You know how some food bloggers parlay their work into cookbooks? Or become food writers or food photographers. Or pursue a full-time career in the culinary arts.
Not me. This little blog, which I have woefully neglected lately, has not gotten me a food-related job.
But it has helped me get a web-related job.
Three weeks ago, I joined SUNY Geneseo at its Web Communications Manager. (Check us out on the TODAY show!) I'm work in the College Communications department, and I'm in charge of the College's strategic communication and brand conformity across the web, which includes our website (re-launch to come soon) and social media.
It is a *big* job -- transitioning a website with 30,000+ pages is daunting -- but I don't think I've ever gotten a warmer welcome or more support at work than from my new employers. It's a challenge but it's a very good one. (And the salary increase doesn't hurt, either.)
But back to the topic at hand: all that time spent writing about and photographing food, updating on facebook, tweeting on twitter, etc. etc. -- it all helped me land my new job. I don't think I would have gotten an offer without my time spent here.
It's so strange, isn't it? When you do something as a hobby, you just see it as that: something pleasant to do to pass the time. But you never know when your playing will turn into something bigger, and when it does, it's a happy surprise.
Our department is housed in a renovated frat house (insert joke here), which means we have a full, working kitchen. (Also, one and a half baths.) So about a week after I started, I brought in some raspberry scones and heated up in the oven before serving. They disappeared quickly.
I don't think there's anything wrong with using baked goods to assist with job-security, do you?
Raspberry Drop Scones (adapted)
1/2 cup milk
1 tsp. pure vanilla extract
2 cups flour
2 tsp. baking powder
½ tsp. salt
1/4 cup cold butter, cubed
3 Tbsp. sugar
1 cup frozen raspberries
1 Tbsp. large sugar crystals (or just use more regular sugar)
Preheat oven to 425 degrees F. Line a baking sheet with parchment paper; set aside.
In a small mixing bowl, whisk together the milk, egg, and vanilla; set aside.
In a large bowl, mix together the flour, baking powder and salt. Add in the cubed butter and use a pastry blender or your hands to work the butter into the dry ingredients; the butter should resemble small peas. Add in sugar and raspberries and mix gently.
Using a rubber spatula or a wooden spoon, pour in the milk/egg mixture, reserving about a tablespoon for later. When the dough forms into a ball, knead the mixture a few times with the spatula/spoon and drop large spoonfuls of dough onto the prepared baking sheet.
Brush remaining milk/egg over top each scone and sprinkle with remaining tablespoon of sugar.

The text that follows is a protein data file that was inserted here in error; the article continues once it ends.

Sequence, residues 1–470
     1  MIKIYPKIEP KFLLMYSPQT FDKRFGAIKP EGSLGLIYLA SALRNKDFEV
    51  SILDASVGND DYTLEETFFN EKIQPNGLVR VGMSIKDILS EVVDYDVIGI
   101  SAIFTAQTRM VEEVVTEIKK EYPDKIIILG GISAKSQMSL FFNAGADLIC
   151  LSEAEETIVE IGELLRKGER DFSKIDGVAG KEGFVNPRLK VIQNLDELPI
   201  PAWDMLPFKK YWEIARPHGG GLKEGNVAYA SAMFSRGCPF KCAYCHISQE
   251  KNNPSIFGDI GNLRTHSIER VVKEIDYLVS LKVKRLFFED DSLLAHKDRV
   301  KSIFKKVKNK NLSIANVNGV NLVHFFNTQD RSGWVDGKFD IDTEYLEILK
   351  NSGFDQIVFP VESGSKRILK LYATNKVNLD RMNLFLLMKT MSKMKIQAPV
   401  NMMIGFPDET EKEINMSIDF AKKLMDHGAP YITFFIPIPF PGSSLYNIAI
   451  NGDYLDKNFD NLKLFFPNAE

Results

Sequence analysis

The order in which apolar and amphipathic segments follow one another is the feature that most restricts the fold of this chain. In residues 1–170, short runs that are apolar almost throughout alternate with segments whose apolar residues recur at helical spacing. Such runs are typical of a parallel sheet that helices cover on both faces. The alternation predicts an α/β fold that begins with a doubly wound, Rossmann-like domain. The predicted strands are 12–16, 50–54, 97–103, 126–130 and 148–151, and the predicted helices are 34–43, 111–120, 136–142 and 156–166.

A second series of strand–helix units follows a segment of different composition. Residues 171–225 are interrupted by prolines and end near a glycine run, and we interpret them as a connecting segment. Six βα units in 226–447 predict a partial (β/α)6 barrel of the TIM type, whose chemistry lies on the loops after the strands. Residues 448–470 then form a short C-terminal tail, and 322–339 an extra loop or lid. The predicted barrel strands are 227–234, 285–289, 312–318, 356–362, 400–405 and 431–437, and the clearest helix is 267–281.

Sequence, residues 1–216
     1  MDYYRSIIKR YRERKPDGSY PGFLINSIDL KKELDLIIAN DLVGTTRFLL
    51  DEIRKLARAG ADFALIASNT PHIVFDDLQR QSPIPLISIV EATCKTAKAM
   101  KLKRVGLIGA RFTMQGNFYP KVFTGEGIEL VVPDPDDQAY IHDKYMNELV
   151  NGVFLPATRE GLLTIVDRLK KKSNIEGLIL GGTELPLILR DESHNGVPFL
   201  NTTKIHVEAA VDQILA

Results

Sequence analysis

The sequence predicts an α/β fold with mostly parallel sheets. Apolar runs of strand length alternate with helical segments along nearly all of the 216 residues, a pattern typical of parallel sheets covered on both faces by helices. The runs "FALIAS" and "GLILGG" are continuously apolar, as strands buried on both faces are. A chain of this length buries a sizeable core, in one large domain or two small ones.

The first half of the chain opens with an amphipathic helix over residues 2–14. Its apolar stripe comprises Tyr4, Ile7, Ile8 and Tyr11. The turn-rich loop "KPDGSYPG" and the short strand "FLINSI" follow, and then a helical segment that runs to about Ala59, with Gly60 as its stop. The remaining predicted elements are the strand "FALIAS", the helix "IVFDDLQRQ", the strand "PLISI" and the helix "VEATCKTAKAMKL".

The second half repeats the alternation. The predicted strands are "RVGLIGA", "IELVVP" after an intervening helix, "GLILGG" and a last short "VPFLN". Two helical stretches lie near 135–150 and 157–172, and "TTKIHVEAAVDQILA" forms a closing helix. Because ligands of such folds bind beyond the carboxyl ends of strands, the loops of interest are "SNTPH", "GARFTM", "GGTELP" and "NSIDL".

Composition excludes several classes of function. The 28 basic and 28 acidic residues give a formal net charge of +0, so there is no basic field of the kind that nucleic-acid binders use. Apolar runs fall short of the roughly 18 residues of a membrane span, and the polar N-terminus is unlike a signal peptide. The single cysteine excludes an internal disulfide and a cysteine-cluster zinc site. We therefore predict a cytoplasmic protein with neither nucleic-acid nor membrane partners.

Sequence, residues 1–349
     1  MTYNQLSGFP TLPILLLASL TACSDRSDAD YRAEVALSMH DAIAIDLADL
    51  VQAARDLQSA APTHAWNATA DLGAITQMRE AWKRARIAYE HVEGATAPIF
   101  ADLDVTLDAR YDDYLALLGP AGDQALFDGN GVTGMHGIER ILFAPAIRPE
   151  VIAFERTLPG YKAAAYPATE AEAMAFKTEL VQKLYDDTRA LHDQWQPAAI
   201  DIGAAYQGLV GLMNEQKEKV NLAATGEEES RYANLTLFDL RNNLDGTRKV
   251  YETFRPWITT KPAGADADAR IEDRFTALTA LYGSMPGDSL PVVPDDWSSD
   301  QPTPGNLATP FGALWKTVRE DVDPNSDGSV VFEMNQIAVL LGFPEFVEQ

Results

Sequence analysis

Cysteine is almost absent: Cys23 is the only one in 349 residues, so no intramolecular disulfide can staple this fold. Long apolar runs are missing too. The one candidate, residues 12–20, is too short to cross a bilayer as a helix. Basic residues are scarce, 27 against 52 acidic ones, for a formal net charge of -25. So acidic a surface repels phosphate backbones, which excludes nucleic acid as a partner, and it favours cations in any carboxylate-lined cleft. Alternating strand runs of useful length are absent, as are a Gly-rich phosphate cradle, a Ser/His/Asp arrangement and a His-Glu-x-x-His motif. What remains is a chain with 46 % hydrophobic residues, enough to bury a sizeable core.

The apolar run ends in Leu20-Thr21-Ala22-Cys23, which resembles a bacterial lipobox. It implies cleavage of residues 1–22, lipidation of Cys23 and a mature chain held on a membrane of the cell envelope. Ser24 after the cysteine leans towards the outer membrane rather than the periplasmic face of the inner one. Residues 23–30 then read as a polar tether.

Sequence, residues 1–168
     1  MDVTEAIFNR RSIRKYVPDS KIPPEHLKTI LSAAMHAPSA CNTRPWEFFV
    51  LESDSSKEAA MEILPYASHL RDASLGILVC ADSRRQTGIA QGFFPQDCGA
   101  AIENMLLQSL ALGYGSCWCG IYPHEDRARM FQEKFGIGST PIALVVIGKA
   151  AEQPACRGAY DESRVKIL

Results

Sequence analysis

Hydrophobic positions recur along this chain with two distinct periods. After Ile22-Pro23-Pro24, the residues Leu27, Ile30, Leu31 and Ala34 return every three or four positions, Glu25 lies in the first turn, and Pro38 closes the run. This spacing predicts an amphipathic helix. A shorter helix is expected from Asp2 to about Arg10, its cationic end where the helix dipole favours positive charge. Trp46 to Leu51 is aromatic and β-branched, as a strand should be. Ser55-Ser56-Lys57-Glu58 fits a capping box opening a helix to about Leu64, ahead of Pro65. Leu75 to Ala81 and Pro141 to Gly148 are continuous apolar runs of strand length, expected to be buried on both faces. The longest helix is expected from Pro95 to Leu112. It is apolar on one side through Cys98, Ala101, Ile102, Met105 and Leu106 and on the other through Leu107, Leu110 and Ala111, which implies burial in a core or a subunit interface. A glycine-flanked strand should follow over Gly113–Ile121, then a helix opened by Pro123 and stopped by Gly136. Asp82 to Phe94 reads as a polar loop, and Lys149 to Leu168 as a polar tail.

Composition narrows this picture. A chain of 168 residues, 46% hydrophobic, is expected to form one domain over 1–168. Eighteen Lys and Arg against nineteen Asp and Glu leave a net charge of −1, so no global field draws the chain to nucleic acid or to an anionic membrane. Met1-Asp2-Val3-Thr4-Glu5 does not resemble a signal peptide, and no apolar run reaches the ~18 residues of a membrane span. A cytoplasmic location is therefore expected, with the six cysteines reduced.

Bake for scones for about 15 minutes or until golden. Cool on a rack.
Yields 8 - 12 scones.
Sunday, September 27, 2009
Saturday, September 05, 2009
A few weeks ago, Stephanie to participate in The Edible Word for Confections of a (Closet) Master Baker by Gesine Bullock-Prado.
The rules were to "pick a dish that she mentions in the book or an ingredient that she talks about. Find a recipe or create a recipe for that dish, pastry or ingredient, and make it! (or if you like, make one of the yummy recipes she's included in the book)
Post an entry with a picture to your blog and share with us what compelled you to pick that particular dish, and any history about the recipe you created or are using to make that dish."
Bullock-Prado's book is a fun read -- though the publishing company organized some of the recipes and chapters a bit oddly and I am bothered by the author's attitude toward people who aren't thin.
Bullock-Prado is known for her french-style, almond macaroons. It's a recipe and cookie near and dear to her heart, which she writes at length about. Unfortunately, it's so near and dear that she doesn't share her recipe with her readers.
Still all this talk about macaroons had me craving *coconut* macaroons and, fortunately, Bullock-Prado provides a nice recipe for these on her blog.
They come together quickly and easily -- and the result is absolutely delicious. I didn't dip these in melted dark chocolate, but that would be a nice touch!
Coconut Macaroons (adapted)
4 egg whites
3 ½ cups sweetened shredded coconut
¾ cup sugar
1 tsp. vanilla
½ tsp. salt
Preheat oven to 300-degrees F. Line two baking sheets with parchment paper; set aside.
Combine all ingredients into a metal/heatproof bowl and set the bowl on a saucepan of simmering water. Stir occasionally to prevent the bottom from burning.
When the mixture is hot and has thickened slightly (about 10 minutes), use a medium sized cookie scoop, to scoop and drop batter onto the prepared baking sheet. Bake for 15 to 20 minutes, or until the edges are dark golden brown, rotating the pans from front to back and top to bottom half-way through the baking time.